In 1856, the young doctor Nathaniel Kerner makes his way north to Crakethorne Manor in Yorkshire: his first placement as an alienist or mad-doctor. He hopes to find an asylum full of progressive ideas and enlightened leadership, but it soon transpires that the enlightened spa treatments and extensive gardens described in the brochures are fictions. Instead Crakethorne is governed by the unstable Dr Chettle, who eschews modern notions of treatment in favour of the questionable science of phrenology. His new home isn’t all that Nathaniel would have wished. And yet there is one aspect which captures his imagination: Victoria Adelina Harleston, his beguiling patient.
Littlewood’s last novel, The Hidden People, dealt with popular superstitions of changelings and fairy powers, likewise set in Yorkshire in the mid-19th century. Here she turns her pen to another, though more common aspect of weird Victorian belief. Young and idealistic, Nathaniel hopes to find a more compassionate form of treatment than the cold-water baths, constraints and electric shocks inflicted upon the Crakethorne patients. Haunted by his father’s suicide, he hopes to redeem himself by helping others. He dreams (rather presciently) of a talking cure, and when he receives a letter from the mesmerist Professor Lumner, he thinks he may have found the answer. Certainly, he is sceptical – and he becomes increasingly so, as Lumner seems to become a rival for the attentions of the beautiful Mrs Harleston – but it seems worth trying. Little does Nathaniel realise that he’s about to open a Pandora’s box which could cost him his patient, his career and even his sanity.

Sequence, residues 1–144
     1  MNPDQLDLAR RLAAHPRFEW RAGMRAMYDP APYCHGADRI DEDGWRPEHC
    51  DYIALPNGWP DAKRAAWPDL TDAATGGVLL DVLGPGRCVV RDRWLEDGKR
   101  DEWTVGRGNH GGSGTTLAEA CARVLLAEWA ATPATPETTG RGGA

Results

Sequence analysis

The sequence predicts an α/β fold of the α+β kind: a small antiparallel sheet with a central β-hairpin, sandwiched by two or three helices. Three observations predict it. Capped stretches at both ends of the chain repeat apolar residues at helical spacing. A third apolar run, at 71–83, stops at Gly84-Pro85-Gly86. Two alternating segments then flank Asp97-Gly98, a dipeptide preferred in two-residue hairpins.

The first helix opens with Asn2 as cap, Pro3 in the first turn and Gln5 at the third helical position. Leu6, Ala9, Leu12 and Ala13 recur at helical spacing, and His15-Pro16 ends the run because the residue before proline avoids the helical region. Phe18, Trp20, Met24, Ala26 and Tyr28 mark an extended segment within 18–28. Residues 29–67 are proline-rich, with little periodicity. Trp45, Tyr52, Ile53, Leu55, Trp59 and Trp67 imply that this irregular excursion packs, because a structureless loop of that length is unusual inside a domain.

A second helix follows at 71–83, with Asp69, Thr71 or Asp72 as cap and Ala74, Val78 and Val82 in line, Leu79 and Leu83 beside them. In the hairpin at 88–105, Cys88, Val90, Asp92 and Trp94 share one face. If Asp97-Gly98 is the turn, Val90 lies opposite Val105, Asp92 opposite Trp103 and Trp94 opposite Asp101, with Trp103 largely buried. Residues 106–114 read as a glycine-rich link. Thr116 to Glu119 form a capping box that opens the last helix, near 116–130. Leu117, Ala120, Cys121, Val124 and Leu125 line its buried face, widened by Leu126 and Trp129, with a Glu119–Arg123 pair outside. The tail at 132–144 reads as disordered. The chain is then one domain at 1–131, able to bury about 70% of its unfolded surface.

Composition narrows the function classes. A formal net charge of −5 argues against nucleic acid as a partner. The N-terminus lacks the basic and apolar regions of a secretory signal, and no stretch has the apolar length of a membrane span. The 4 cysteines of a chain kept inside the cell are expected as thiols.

Moving between Yorkshire and London, the novel takes us into the eerie worlds of mesmerism and spiritualists, ‘entertainments’ which seem to have had a great crossover appeal. Littlewood draws us in more deeply than other authors might: as the novel progresses, you can never be sure what’s real, what’s fictional and what seems to be real: Nathaniel becomes an increasingly unreliable narrator, captivated by his obsession with Mrs Harleston. The difficulty with this is that the reader seems to be expected to buy in to the power of the supernatural, or at least to accept that certain people are susceptible to certain ‘powers’. There are certainly points when the story veers into melodramatic ghost-story territory, rather than straight historical fiction: that’s fine for the long, dark winter nights when one’s looking for a bit of a chill down the spine, but at the same time it means that the story is a tiny bit unsatisfactory in parts.
When discussing The Hidden People, I admired Littlewood’s scene-setting and the same is true here: there is a great deal of period colour and the language feels spot-on. And yet the book sprawls just a little: I felt it could have been trimmed down slightly, and there were just too many coincidences for me to feel entirely convinced by it all. For those who enjoy the growing genre of dark Victorian Gothic fiction, this will prove a welcome addition, wrapped about with fogs and spirits and dangerous beauty; but it probably won’t be everyone’s cup of tea. I think perhaps I’m just going through a phase where I prefer slightly more rational explanations in novels, but that’s a personal preference. I was interested to see that Helen expressed similar reservations.
Speaking of the Victorian Gothic genre, which other books would you recommend? This might not fit the bill entirely, but I remember very much enjoying Michael Cox’s The Meaning of Night and its sequel; and Charles Palliser’s The Quincunx is another book that always comes to mind when I think about the genre, though I haven’t yet read it. And of course there are things like The Wicked Cometh, which I wrote about only recently, where the terrors of the night are all too human…
I received this book from the publisher via Netgalley in return for a fair and honest review